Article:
Journey to the American Founding

April 6 1773

The stories we’re seeing from the last half of 1772 and early 1773 are a mixture of change and continuity. Surrounding the mixture is an intensification of actions and decisions. The new and old twist together in revolving cycles. The pace is not what it once was—it has picked up speed.


Excerpts from: Americanism Redux: April 6, on the journey to the American Founding, 250 years ago today, in 1773

Sometimes you don’t realize the importance of the words.

Sometimes you do.

Whether spoken or written to yourself, to someone else, to a group of people.

These are some of the words spoken and written today, 250 years ago.

Six words spoken for the first time west of the Allegheny Mountains, one of the oldest mountain chains in North America.

Today, 250 years ago, the mountains heard the six words:

“This court is now in session.”

So saith Robert Hanna, owner and builder of his log cabin home with a tavern attached to one side. In the new community of Hannastown in the 10-week old county of Westmoreland. . .

And yet it’s only now that the western slope of mountains hear the six words, uttered in a clearly audible accent of a Northern Ireland immigrant who will hear the first case between disputants beyond the mountains of the Blue Ridge. With five colleagues plus the Irish-tongued speaker, this court beyond these mountains will try to decide this first-ever ruling based on English common law, Biblical principles, existing statutes, and no small mixture of day-to-day horse-sense by people who have to live together on good days and bad. . .

“Write the vote in the journal.”

Six more words, spoken today 250 years ago, but this time the site is Hempstead village on Long Island, which is part of the British colony of New York.

The person keeping the record of today’s session thus writes “…that the same persons that was appointed to build a poor house should erect a building nigh the same as a place of confinement…”

A new jail to be built next to the existing poorhouse, in other words.

This is an experienced group of builders. Two years ago, almost to the day, they received orders to build a structure where people struggling with poverty and destitution would be put to work in exchange for food and shelter. Today’s vote shows that the town council knows and trusts the builder-operators. . .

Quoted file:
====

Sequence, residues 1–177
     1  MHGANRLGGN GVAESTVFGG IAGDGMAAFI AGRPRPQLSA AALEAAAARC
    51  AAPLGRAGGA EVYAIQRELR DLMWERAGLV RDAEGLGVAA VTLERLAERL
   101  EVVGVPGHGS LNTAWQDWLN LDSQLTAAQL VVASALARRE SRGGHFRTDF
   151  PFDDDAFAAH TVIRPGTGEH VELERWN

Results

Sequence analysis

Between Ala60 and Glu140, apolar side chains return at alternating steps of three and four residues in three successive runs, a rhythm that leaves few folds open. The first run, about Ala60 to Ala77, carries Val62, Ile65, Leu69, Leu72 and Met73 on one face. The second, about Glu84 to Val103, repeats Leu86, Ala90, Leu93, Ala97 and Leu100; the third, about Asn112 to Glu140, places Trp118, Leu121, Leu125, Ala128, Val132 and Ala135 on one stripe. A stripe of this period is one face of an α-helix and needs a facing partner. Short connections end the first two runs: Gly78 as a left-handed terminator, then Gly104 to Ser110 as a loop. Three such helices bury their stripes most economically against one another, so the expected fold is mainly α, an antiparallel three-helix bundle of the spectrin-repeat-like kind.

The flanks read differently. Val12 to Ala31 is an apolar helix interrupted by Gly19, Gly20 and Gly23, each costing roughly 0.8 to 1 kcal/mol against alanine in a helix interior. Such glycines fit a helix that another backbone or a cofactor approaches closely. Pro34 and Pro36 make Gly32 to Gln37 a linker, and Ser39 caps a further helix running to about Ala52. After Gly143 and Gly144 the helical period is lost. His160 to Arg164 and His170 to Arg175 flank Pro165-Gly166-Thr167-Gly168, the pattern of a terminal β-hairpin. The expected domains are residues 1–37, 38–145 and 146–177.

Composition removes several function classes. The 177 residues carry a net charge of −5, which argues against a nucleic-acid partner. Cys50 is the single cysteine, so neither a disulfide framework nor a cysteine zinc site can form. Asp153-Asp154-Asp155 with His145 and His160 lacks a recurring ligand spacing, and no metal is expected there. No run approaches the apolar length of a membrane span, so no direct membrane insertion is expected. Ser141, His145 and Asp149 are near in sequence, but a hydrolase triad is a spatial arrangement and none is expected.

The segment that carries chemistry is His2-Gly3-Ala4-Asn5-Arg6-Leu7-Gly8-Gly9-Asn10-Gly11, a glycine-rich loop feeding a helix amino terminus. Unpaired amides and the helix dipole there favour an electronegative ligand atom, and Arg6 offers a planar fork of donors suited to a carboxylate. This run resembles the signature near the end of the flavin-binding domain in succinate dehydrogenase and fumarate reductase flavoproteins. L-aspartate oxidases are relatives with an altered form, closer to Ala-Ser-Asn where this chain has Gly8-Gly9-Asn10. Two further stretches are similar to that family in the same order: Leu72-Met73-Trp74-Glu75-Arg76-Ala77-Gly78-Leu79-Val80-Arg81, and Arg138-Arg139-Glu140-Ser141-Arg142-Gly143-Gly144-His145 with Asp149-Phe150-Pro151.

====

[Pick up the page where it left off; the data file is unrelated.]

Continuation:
The jail and poorhouse will comprise a sort of public-building campus for this small community, the physical spaces that all of us who live here will see and know as the place where, collectively, we’re trying to deal with some of our town’s toughest problems. As townspeople, together.

It’s a spirit and a moment caught in the six-word direction to write down the outcome of the council vote.


Six plus two equals eight. Eight words, in London, England:

“…replete with doctrines of the most dangerous nature…”

Lord Dartmouth, cabinet member in the British imperial government led by Prime Minister Lord North, is doing everything he can to emphasize the meaning of documents crammed into a box. The box is fresh from America, containing eight- to sixteen-week old speeches for and speeches against, all pertaining to a bitter dispute in Boston, Massachusetts between the imperially-appointed governor and the locally-elected legislative assembly, town council, and various other bodies. Dartmouth was having trouble getting anyone in Parliament or King George III’s monarchy to pay attention to the box and its contents. . .

No one wants to listen to Dartmouth. It’s just easier that way.

For You Now

Think about those few words of whatever number that you regard as significant, as likely history-making, as potentially life-changing.

What are those words?

Then think about our stories from today, 250 years ago and, below, a few extra pieces of information from me.

Hannastown: they are in a place entirely new to them and surrounded by the unknowns of forest, woods, hillsides, rounded mountaintops, and stars in the lonely night sky. The people who once dwelled here do so no longer, having lost the place to the newcomers in a life-and-death struggle. . .

What are your words?


Consider the problems of our lives right now that must be addressed. Can a coming-together of shared effort occur in the weeks ahead with our versions of the new public space?

Read the full article…

TITLE: Americanism Redux: April 6, on the journey to the American Founding, 250 years ago today, in 1773

By Dr. Dan Miller


To know us better then is to know us more fully now. Welcome to Americanism Redux and my one-a-week stories of 250 years ago. For the all the stories thus far, Visit Historical Solutions, Dr Dan Miller’s website>

Journey to the American Founding

Welcome to Americanism Redux, a series by historian author, Dr. Dan Miller. He explores what Americanism meant 250 years ago and its significance for America today.

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